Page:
The Caribbean Commons (Kelly Baker Josephs) recently posted a call for chapters for an anthology project on Caribbean rhetoric currently titled: Islands in the Mainstream: Interdisciplinary Perspectives on Caribbean Rhetoric. The project editor is Kevin Browne, author of Tropic Tendencies: Rhetoric, Popular Culture, and the Anglophone Caribbean. The deadlines are November 1, 2013 for proposals and August 31, 2014 for full papers.
Call for Papers: Proposals are sought from scholars, teachers, practitioners, and researchers in rhetoric, communication, literature, Caribbean studies, indigenous studies, diaspora studies, cultural studies, gender studies, and the visual and performing arts for contributions that explore aspects of Caribbean rhetorical expression from an interdisciplinary perspective. In particular, original essays are sought that will contribute to and fortify emerging work in the study of Caribbean rhetoric by envisioning the scope and dimension of what such work might entail. Such essays will engage, challenge, and move beyond the traditional perimeter of rhetorical analysis, encompassing the epistemic, pedagogical, and public work that occurs in a broad range of Caribbean texts: oral/aural, visual, scribal, tactile, digital, environmental, supernatural, etc. Essays about the Anglophone, Francophone, and Hispanophone Caribbean are strongly encouraged, though authors are asked to submit their proposals (and their essays, if accepted) in English, except in the case of specialized terms, phrases, and concepts (annotated accordingly).
Description: The first of its kind to specifically consider the rhetoric of Caribbean cultural production from interdisciplinary perspectives, this collection will provide scholars, teachers, and students with innovative approaches for discussing the range of motives, histories, and social realities that necessitate inquiry and inclusion in rhetorical studies. Similarly, it will contribute to Caribbean studies and other disciplines represented in the volume by providing a dynamic set of robust rhetorical theories for reading Caribbean culture. In addition to defining theoretical parameters for reading Caribbean rhetoric and exploring areas of practice for further research, contributors will be encouraged to consider the pedagogical implications of their ideas. This can include developing curricula (introductory, intermediate, or advanced courses in rhetorical education among undergraduate writing majors, or courses that respond to particular writing-intensive programs, writing centers, or Writing Across the Curriculum), community literacy/publishing initiatives (ongoing or envisioned), or research studies (archival, ethnographic, qualitative, quantitative, etc.) on projects that engage students on matters of Caribbean import. Essays that are collaboratively authored by faculty and students and/or faculty and professionals are particularly welcome.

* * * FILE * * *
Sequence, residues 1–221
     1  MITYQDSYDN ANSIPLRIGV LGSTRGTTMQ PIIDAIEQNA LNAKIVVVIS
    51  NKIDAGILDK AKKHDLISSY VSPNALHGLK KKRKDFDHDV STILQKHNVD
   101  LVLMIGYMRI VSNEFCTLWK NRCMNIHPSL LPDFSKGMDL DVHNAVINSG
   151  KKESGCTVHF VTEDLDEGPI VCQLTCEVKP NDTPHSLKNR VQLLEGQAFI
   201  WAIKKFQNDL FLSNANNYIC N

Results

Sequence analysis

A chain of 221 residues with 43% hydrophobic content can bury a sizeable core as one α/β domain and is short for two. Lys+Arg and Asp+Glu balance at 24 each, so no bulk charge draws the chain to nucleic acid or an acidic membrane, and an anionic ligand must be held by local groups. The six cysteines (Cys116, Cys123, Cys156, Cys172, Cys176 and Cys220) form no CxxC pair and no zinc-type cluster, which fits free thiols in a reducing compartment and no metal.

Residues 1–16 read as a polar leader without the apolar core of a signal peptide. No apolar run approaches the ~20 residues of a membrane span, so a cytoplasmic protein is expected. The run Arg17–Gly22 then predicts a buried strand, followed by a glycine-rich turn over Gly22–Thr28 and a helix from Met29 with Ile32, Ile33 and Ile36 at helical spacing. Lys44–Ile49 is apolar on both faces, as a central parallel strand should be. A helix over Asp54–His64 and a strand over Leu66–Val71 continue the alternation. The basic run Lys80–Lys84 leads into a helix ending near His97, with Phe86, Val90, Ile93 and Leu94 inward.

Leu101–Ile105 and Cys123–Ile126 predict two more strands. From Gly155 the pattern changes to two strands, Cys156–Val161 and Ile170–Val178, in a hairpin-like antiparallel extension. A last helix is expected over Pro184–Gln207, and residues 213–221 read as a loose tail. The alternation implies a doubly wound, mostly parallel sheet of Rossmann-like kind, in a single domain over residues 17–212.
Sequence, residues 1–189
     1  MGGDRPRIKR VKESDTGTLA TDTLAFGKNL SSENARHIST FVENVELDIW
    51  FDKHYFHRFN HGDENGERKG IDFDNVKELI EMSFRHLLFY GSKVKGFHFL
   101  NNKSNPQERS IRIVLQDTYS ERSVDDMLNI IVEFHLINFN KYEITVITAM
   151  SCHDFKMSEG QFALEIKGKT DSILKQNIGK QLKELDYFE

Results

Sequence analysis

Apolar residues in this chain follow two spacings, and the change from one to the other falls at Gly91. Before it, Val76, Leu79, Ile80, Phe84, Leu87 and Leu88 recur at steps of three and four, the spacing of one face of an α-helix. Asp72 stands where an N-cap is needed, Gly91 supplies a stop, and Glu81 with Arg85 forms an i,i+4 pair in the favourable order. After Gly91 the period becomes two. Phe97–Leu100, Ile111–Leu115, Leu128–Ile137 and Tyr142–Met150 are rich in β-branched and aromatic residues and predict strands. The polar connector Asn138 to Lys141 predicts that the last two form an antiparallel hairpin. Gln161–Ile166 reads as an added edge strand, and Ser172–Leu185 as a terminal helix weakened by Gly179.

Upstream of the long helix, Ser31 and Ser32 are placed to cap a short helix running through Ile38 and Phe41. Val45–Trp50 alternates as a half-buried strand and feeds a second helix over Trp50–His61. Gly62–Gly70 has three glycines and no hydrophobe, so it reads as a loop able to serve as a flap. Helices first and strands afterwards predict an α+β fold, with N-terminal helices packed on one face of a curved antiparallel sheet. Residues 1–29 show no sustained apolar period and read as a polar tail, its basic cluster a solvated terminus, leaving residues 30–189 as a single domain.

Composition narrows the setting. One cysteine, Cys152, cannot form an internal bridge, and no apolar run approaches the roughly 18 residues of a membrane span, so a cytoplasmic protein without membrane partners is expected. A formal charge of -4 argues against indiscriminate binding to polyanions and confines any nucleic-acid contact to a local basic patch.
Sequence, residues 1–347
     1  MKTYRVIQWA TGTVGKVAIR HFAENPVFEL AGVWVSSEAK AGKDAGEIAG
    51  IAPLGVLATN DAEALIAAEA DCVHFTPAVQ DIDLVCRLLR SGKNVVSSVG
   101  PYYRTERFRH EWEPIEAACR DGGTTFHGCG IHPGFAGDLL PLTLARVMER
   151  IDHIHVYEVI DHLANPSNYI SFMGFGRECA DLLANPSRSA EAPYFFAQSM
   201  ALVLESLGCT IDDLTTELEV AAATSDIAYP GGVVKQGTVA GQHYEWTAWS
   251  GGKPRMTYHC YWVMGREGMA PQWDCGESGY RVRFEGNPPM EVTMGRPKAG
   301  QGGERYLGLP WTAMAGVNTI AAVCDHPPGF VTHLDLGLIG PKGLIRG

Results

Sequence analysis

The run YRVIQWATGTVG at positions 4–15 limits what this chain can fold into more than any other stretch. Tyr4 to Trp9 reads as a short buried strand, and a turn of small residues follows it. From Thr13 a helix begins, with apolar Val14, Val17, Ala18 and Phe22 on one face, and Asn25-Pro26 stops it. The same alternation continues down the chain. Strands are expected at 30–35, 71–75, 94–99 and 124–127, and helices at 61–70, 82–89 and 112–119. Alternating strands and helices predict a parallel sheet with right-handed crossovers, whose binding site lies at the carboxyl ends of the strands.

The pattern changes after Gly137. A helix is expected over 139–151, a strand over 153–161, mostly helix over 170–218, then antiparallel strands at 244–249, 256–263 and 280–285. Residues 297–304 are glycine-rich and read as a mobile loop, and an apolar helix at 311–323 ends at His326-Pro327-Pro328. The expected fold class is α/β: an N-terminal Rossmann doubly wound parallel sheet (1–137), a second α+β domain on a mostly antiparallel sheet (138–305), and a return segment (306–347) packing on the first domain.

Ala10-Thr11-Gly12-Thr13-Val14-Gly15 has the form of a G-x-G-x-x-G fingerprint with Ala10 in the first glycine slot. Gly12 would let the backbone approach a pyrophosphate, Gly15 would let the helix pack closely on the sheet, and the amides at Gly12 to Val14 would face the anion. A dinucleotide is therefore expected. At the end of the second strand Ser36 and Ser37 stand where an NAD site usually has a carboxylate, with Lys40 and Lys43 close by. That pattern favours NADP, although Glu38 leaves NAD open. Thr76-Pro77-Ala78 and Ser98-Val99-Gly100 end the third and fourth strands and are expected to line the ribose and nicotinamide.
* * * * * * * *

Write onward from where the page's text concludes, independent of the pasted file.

While the following list is not exhaustive, possible chapters may fall within these broad categories: Carnival Theatre; Dance/Performance Art; Digital Humanities/New Media/Technology/Broadcast Media; Fine Art/Photography; Food; Geopolitics; Historiography/Interrogations of Historical Narratives; Labor Union/National/Political Parties; Literature; Music; National/Sub-Supranational/Transnational; Oratory/Public Address; Pedagogy; Postcolonial/Neocolonial; Public Archives/Public Memory/Concepts of Vernacular Memory; Race(d) Relations; Surveillance; and Vernacular Bodies/Love, Sex, Sexualities.
Please submit a proposal, approximately 500 words, that discusses the proposed chapter to the editor, Kevin A. Browne (email@example.com). Questions and queries are welcome. The deadline for proposal submissions is November 1, 2013.
For more information, see http://caribbean.commons.gc.cuny.edu/2013/09/20/islands-in-the-mainstream-cfp/ and http://kevinbrownephd.com/cfp1/
[Photo of Cabo Rojo mangroves by Ivette Romero.]